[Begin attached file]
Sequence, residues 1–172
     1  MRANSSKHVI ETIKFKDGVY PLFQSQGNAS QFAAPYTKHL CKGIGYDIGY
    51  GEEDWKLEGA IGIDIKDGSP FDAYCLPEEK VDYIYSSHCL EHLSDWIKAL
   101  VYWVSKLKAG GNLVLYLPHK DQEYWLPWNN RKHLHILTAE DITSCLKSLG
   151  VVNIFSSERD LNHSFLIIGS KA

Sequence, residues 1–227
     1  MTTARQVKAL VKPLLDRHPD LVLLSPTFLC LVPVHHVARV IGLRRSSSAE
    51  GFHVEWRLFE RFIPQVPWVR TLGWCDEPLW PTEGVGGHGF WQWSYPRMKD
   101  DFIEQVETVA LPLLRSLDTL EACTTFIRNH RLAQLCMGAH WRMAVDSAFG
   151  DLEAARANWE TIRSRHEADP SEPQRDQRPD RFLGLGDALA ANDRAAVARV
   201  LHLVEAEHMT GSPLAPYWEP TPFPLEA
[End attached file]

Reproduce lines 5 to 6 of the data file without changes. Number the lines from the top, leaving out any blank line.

   151  VVNIFSSERD LNHSFLIIGS KA

Sequence, residues 1–227